You finally made it. Destiny and adventure await you on this wonderful journey. You step outside the airport with a fresh immigration stamp in your passport and a smile on your face. However, when that first crisp blast of foreign wind hits you, your goofy smile is squelched by the cluster of greasy looking men groping at you like a zombie horde. Taxis are scary. And yet all you can do, despite your mother’s warnings, is get in the yellow chariot with one of these strangers and pray they didn’t fake that id hanging from the rear-view mirror.
My friend, you are not the first nor the last to go through the musky gauntlet. As someone who has been through countless times, allow me to give you some tips for proper taxi election.
Pick the Runt
Taxi drivers are notoriously pushy and loud. They purposefully disorient you as a way of sneaking you into their clutches before you have time to think. However, at the back of the pack is often the quiet one leaning on the hood of his taxi, craning his neck for a glimpse of the oncoming clients. This my friend, is the runt. If you speak the language, he is often the one the other taxi drivers insult and taunt. Push your way past the others and find this runt. They may come up with witty, well thought out reasons to deter you from him, such as, “He smells like three armpits and has a uni-brow,” but there is a reason why the runt is in isolation; he doesn’t fit in. You see, the runt is often a religious exile, or a man of morals, a code of honor if you will. He is the one who refuses to become the pushy scam artist like the others, therefore they reject him. This makes him your runt now, because he is probably the most honest person in the group, and that means safety.
Always Get a Price (even if there is a meter).
Even the best of runts can betray you. Which is why you should always ask the ballpark price for where you are going, or exact if there is no meter. Never get into a taxi without doing this. It is a well known fact among taxi enthusiasts that the meters in taxis are easy to speed up or slow down. This makes sense because of the constantly changing currency values in many nations and inflation. Many corrupt drivers will also subtly turn off their meter two minutes into your trip without you noticing. They then pretend it broke and give you an inflated price (one taxi asked me for $100 on a two block ride).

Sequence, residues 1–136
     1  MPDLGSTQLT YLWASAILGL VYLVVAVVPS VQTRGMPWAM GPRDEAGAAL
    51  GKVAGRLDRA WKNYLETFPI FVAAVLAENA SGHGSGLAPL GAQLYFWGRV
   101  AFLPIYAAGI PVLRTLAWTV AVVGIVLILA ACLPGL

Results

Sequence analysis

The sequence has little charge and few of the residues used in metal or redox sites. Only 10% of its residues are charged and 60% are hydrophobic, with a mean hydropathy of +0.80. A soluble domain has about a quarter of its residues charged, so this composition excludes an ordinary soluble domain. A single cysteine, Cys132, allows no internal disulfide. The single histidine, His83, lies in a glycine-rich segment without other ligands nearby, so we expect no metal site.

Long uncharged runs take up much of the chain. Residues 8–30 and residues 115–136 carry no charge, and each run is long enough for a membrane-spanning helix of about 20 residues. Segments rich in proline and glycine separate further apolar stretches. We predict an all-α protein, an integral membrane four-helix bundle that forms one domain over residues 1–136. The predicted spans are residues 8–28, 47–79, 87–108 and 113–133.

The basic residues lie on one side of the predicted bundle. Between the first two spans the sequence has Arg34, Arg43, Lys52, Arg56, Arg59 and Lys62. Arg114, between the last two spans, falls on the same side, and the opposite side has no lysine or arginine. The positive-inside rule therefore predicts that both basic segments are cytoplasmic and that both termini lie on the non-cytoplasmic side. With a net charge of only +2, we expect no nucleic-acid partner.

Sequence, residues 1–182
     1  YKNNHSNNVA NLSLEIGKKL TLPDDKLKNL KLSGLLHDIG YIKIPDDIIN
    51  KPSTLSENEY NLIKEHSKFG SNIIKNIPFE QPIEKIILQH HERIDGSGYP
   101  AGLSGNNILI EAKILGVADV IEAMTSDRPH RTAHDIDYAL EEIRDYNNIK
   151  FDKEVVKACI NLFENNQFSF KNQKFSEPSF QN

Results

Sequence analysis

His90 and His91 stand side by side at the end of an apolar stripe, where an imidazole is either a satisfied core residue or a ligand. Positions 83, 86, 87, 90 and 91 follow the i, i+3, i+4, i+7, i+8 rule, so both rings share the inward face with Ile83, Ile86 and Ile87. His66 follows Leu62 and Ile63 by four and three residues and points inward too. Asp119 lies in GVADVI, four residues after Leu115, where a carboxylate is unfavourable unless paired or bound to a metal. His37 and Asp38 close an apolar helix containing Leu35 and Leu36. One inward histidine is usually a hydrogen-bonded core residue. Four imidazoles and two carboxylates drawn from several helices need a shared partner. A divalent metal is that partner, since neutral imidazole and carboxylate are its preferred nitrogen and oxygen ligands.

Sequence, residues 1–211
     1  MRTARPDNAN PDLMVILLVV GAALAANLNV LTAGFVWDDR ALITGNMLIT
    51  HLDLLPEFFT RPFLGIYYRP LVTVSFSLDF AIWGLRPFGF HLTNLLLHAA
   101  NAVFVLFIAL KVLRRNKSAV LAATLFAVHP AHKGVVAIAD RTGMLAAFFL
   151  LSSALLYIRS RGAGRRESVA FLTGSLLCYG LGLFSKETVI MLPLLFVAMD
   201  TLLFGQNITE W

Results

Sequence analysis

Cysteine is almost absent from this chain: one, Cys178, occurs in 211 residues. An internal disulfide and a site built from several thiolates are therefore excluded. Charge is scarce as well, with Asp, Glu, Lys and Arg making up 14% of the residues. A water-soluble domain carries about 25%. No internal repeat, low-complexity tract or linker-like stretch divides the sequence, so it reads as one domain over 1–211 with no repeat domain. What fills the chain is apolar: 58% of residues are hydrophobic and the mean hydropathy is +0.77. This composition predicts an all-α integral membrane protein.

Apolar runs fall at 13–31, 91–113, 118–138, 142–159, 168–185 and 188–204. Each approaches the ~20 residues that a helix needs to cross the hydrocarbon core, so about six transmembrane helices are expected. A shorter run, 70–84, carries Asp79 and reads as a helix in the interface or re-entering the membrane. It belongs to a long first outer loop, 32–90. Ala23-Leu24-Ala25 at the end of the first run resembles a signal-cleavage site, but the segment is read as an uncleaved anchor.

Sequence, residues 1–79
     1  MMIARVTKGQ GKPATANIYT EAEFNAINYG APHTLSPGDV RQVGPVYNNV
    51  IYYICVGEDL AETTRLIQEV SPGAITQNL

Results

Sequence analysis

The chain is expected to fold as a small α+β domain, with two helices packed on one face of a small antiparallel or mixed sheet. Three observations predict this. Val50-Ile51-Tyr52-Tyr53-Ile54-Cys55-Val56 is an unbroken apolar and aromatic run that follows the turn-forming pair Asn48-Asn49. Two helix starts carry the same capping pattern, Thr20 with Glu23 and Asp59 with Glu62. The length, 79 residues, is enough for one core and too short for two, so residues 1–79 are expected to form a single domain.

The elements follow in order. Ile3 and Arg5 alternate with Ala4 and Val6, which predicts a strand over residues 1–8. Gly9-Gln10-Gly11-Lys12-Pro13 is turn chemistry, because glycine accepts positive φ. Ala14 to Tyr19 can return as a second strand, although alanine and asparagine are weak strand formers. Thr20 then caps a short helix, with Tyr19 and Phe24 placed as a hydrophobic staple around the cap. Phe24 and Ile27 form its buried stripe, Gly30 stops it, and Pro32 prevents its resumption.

On the other hand. You may get an honest driver who tells you he believes it will be about $20 (as recently happened to me in Guatemala), but he isn’t sure where the location is. If he is clearly lost, asking for directions, making lots of phone calls, and you end up spending an hour in his cab, maybe throw him a few extra bucks for effort, we’re all human.
Only Have Dollars? Make Sure He Accepts Them!
It is a rookie mistake to pick your runt, get your price, and make it to your location only to pull out your hard earned rubles (Euros? Colones? Yuan?) and hear, “Ohhhhhh, I only accept Drachmas.” The ensuing argument is never fun. This is most often a tactic they use. They know that under stress the average tourist can’t process thoughts and reason as quickly. Even if you did check the exchange rate, if it is anything like the 7:1 ratio of the Guatemalan quetzal, they know you are unlikely to be able to do the math quickly in your head, and the vast majority of people are more willing to get ripped off than whip out their phone and do uncomfortable silence math while a seething stranger is glaring at them and muttering darkly in a foreign tongue. The result? The taxi driver, who does know the exchange rate, and has calmly done the math during your entire ride, pretends to reluctantly accept your rubles while charging you double without you figuring it out until you are in your hotel.
If you only have large bills, make sure the taxi has change.